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Celebrating National Nursing Week 2024: Leadership in practice for the patient first


Close up image of woman wearing glasses smiling
Ashley Gueret, a nurse practitioner in Prince George.

May 6-12 is National Nursing Week, and in recognition of the tremendous impact nurses have on individuals, communities, and the future of health care, this year’s theme is “Changing lives. Shaping tomorrow.” Today, we’re highlighting Ashley Gueret, a Clinical Lead Nurse Practitioner who lives in Prince George.

What do you love about nursing?

There are so many different types of nursing, so if there's something you don’t like about your job, you can change where you work and who you work with. You can always find something that fills your cup!

This year’s theme is “Changing lives. Shaping tomorrow.” How has nursing impacted your life?

I'm not the same person I was when I went into nursing; I've grown personally and professionally more than I thought possible. Nursing gives me personal satisfaction – I do this work because I love it! Nursing has many avenues; I'm currently working in a leadership position and also in a specialized clinical practice. I am also teaching, which is an opportunity to give back to students. When I teach, I try to focus on what makes us similar – how we can all provide something that gives back to our patients, and how we can provide the best care possible.

What's the best thing about where you live and work?

I moved from Vancouver Island to Prince George seven years ago and found the North to be very friendly, much more so than the Lower Mainland or the island. People here are more likely to engage in collegial work.

Northern Health has been pivotal in shaping my career as a nurse practitioner, a leader, and an educator. NH is adept at noticing people who are good at their job and promoting them, which can be seen in our leadership (e.g., our current and former CEOs, our VPs, etc.). You don’t always see this in other health authorities. This needs to be celebrated! These are key factors to doing a great job.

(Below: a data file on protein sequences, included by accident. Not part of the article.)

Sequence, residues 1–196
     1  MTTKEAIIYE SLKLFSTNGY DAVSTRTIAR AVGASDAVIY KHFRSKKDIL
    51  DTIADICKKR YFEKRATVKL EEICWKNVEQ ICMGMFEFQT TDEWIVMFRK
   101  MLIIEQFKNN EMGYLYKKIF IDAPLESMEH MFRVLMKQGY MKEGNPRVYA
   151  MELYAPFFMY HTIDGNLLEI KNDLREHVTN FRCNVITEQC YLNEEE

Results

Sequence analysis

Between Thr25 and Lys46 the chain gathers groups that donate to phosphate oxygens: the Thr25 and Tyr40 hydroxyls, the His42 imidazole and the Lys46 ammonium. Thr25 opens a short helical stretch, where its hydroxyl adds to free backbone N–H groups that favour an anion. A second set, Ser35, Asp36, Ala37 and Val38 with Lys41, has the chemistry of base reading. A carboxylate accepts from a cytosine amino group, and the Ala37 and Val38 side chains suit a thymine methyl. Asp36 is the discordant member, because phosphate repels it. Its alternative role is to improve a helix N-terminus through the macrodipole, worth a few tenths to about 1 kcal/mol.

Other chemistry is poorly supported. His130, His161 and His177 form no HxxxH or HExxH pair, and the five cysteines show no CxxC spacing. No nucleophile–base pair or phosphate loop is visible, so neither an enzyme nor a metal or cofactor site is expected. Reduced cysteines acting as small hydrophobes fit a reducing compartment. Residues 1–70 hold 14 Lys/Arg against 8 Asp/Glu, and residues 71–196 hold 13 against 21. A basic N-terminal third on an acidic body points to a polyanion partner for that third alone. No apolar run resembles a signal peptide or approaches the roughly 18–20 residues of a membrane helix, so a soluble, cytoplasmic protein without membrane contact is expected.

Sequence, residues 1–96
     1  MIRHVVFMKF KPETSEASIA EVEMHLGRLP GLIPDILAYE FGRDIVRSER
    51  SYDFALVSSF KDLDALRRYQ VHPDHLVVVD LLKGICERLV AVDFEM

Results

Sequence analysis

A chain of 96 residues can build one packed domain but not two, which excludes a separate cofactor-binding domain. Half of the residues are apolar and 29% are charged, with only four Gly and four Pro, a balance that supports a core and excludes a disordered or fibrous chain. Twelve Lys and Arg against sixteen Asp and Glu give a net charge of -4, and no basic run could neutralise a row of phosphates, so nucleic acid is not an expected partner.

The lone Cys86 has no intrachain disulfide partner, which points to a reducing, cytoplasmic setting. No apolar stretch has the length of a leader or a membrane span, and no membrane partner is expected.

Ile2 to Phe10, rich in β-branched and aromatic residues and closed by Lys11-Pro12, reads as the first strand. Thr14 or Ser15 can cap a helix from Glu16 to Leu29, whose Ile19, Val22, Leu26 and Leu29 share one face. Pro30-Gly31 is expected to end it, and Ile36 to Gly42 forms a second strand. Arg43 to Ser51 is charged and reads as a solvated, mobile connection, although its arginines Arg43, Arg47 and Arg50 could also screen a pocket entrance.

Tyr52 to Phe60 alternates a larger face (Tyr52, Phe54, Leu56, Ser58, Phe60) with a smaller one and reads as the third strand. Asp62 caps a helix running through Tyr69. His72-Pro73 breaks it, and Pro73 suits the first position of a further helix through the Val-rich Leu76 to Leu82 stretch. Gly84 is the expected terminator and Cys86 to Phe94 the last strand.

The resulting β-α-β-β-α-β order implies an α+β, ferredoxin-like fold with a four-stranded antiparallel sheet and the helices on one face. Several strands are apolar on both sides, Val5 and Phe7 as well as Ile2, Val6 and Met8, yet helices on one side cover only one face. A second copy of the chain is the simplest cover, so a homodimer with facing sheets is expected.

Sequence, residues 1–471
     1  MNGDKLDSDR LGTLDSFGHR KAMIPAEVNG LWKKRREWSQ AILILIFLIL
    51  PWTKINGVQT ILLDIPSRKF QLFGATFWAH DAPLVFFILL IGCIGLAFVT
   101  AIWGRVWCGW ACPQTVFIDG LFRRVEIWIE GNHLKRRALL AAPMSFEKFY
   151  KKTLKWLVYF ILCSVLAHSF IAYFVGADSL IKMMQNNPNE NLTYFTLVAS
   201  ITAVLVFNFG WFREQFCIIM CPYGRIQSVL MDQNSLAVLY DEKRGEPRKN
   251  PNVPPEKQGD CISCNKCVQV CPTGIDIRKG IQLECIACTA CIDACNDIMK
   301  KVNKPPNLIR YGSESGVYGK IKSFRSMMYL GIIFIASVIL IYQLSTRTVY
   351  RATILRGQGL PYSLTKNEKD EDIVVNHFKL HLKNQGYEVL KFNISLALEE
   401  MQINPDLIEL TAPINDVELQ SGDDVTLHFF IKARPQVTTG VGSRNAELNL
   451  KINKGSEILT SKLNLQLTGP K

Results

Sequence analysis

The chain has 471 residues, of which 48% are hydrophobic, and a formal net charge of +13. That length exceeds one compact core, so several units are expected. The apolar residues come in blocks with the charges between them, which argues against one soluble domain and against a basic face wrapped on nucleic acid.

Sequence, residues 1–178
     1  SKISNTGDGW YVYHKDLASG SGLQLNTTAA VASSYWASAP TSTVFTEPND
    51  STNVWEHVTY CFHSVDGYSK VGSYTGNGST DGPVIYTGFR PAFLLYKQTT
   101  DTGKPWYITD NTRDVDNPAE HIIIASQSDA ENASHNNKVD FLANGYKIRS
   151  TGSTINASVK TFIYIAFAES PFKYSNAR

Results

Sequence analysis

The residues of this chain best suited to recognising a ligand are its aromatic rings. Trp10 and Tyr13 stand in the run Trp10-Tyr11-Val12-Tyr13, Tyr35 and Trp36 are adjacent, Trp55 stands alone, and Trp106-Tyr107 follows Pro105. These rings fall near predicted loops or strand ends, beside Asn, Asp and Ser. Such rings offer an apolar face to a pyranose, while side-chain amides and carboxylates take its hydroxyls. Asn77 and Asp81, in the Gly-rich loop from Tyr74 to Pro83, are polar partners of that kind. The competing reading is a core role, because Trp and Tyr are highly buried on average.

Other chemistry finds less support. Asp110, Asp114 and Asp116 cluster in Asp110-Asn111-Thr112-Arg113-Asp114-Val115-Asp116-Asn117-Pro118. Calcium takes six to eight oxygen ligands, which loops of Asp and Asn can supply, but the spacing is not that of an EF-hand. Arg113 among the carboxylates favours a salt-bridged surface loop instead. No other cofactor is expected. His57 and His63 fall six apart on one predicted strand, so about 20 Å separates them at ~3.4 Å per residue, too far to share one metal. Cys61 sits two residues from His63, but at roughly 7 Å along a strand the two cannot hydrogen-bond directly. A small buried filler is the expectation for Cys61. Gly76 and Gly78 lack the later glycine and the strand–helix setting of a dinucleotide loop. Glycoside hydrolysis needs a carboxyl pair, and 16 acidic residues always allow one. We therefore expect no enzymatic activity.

I work in a clinic for unattached patients, many of whom have addictions and/or pervasive mental health disorders. In this job, I’ve learned about the relationship between clinical practice and leadership. When we lead health reform, we are doing it for the person who needs it the most. We must be patient-focused in everything we do.

How long have you been with Northern Health? If you didn’t start nursing here, where did you originally start your nursing journey?

I've been working at Northern Health since January 2018. I completed my Bachelor of Science in Nursing at Vancouver Island University (formerly known as Malaspina University-College), and worked as a pediatric nurse for Island Health in Nanaimo from 2007-2017. I decided to move to Prince George because it seemed like it would be a more supportive environment for me as a new nurse practitioner. I completed the Master of Science in Nursing Family Nurse Practitioner program at the University of Northern BC in Prince George.

What's one thing that you wish everyone knew about the job nurses do?

I wish people knew what a nurse practitioner is: an advanced practice nurse with skills in assessment, diagnosis, and the treatment/management of disease. We are not competition for nurses, we are their colleagues, and we are proud of our nursing background. Our nursing scope of practice informs our work every day. Nurse practitioners give a different voice to nursing, and I wish that more people had access to nurse practitioner services.

As a clinical lead nurse practitioner, I support Opioid Agonist Treatment (OAT) nurse prescribers, which is very fulfilling work. Nurses are truly experts in the care that they provide!